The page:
So, I think Asana struck me as both too structured in the same was as zendone, and, strangely, not structured enough to draw me and make me see the value of the structure.

Whew, long answer. See what happens when you ask!
October 2, 2012 at 0:21 | Unregistered Commenterdanno
And if you're curious:
October 2, 2012 at 0:22 | Unregistered Commenterdanno
I have been using Asana for some time. Quick feedback

- it's still "green" - the UI is still confusing or more exactly assumes some prior training (and still, it never feels elegant or pleasing - it feels like a good toolbox, a efficient professional tool, not something that can make you smile)

- the focus is on structure and collaboration. Their vision is to bridge the gap between Enterprise software (one version of the truth, but not what people use day to day, hence reconciliations issues) and email.notepad.excel (what people use, but creates a mess in communication). As such it's quite the opposite of what Mark has been looking for: a "system" so elegant and powerful that I should prefer to go to my AF or FV list for the fun of it rather than checking or facebook

- once you spend a full two days looking at the on line videos and trying to make it work, it is actually VERY powerful. The comments section of each task allow to track progress, do two minutes to advance something, note the outcome, and move on ; it's really a platform with a lot of potential, and a good project management tool -- just keep in mind that this is probably overkill to just create and manage a list (despite their video that says the opposite and recommend to just create a flat list to assign task to yourself automatically: sure, but what's the point of learning a structuring tool and not using it?)
October 3, 2012 at 21:27 | Unregistered CommenterPJ
Hello, Thanks for asana. I tried. I found it nice when you have a team and you need to collaborate. It is free until 30 people so that's great ;-)
For the software it self I found it usual. Nothing revolutionary, just a collector of projects and tasks. No diary, well nothing new...

I rather prefer something simpler such as an AF/FV list which is more efficient for me as I work on my own. Anyway thank you it was interesting to have a look at it.
October 5, 2012 at 13:44 | Unregistered CommenterJupiter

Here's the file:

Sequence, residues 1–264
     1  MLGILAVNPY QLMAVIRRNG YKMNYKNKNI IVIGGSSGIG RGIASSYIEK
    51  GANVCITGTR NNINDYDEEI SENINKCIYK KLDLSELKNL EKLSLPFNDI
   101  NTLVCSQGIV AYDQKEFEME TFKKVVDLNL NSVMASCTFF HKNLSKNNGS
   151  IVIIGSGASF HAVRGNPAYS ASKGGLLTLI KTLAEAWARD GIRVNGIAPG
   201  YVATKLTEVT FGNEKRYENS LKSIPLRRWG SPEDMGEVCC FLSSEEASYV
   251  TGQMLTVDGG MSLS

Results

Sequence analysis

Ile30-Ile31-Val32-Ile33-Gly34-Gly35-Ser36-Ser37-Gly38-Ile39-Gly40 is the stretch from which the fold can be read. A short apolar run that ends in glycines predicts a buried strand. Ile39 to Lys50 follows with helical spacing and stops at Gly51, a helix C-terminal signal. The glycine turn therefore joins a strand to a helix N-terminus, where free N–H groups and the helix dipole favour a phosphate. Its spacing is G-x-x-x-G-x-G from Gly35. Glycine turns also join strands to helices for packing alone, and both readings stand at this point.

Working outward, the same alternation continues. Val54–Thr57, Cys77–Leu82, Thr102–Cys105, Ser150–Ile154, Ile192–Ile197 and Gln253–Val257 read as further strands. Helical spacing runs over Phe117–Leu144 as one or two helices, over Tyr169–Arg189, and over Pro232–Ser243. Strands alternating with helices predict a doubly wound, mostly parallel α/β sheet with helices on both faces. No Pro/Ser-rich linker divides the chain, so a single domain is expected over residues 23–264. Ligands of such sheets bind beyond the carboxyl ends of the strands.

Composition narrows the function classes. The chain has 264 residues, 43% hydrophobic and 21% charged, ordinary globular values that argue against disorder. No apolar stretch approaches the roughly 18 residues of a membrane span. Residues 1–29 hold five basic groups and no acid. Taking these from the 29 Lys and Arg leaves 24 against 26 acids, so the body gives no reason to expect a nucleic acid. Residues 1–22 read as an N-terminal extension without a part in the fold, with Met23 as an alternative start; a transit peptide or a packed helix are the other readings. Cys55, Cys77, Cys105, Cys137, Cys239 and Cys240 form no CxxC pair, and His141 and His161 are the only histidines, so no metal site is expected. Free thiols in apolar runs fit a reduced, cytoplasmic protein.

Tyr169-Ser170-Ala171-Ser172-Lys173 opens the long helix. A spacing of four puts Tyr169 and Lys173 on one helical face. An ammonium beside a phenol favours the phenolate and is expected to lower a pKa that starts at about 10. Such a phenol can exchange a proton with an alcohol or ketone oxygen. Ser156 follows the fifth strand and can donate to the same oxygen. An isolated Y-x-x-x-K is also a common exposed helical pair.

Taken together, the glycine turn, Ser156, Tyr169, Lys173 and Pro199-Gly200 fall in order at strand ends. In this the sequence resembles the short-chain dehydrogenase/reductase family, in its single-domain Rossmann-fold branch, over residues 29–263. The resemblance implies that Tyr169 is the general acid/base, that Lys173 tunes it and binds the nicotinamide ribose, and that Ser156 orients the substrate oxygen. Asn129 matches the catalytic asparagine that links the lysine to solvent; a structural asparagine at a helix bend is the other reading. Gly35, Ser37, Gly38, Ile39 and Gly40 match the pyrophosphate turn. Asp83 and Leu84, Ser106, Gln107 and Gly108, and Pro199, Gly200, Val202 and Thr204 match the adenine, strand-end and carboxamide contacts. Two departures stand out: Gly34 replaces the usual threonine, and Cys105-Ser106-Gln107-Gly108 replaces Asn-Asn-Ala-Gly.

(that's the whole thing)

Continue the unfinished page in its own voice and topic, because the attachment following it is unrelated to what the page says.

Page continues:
I use Evernote for FV (thank you Avrum!) and that covers the vast majority of my needs. But I am finding that for some projects that have a number of moving parts, the note body in Evernote is not adequate for keeping track of what I have already done and what remains to be done.

I am sure that I could create tags or notebooks in EN to organize my projects, but this is a case where I would just prefer to use software that is designed for managing projects.

For many years I have been using a desktop application called Achieve Planner and I have always been very happy with it. It was more than adequate for any kind of project planning. But, nowadays, with EN and dropbox and all my other tools and resources being accessible on the cloud, I decided to look for some kind of project planning software on the cloud.

I tried Trello, but never could get it to work in a satisfactory manner for the projects I have. I loved workflowy's intuitive clean interface, but it didn't have any way to link to files or URLs. I have to have that in some kind of project planning app.

So, that leaves Asana. Asana is very team-focused and I am using it as a lone individual. Much of the information in my project plans refers to tasks that others have to do, but I don't expect anyone else to use my project plan.

So far, Asana is working well. It doesn't have a very sophisticated way to create task dependencies, but I can live with what it does have.

Now, what I do is create a task in FV with the project name. In the body of the EN note there is a link to the Asana project plan. I can still make notes in the EN note, but the heavy lifting of project planning is done in Asana. I've been doing this for a few days and it is working well so far.

Yesterday I was out of my office and checked Asana on my phone. It was very helpful.
December 14, 2012 at 14:00 | Registered Commentermoises